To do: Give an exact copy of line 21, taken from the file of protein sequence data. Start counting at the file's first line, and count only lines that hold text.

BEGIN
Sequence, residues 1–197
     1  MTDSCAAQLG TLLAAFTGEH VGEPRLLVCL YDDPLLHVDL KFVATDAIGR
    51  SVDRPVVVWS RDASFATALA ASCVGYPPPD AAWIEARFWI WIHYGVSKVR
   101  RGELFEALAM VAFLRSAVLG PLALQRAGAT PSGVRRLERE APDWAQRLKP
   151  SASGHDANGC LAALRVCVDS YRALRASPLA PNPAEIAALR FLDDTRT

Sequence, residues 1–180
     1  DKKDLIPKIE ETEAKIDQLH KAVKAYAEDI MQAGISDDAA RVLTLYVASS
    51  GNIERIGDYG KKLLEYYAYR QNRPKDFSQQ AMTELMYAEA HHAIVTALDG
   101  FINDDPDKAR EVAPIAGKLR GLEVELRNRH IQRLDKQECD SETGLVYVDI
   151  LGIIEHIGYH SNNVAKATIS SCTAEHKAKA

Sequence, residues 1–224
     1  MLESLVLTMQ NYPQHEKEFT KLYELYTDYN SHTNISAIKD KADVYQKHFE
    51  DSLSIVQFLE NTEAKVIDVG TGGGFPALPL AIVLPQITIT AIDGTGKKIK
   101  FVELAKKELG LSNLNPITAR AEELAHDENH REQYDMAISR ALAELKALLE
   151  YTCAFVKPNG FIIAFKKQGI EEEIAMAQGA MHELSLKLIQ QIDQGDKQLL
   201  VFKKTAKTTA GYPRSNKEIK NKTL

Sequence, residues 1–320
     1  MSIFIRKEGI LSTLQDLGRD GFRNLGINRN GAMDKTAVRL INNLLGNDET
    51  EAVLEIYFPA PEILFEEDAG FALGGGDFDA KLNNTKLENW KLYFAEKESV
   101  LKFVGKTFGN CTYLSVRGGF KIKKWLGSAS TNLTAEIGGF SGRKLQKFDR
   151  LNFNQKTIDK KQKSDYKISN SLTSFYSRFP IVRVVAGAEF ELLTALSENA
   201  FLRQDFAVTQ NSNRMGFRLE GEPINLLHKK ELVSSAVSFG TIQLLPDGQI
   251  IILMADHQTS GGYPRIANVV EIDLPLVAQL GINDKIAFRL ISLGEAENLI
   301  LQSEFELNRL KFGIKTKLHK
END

   151  LNFNQKTIDK KQKSDYKISN SLTSFYSRFP IVRVVAGAEF ELLTALSENA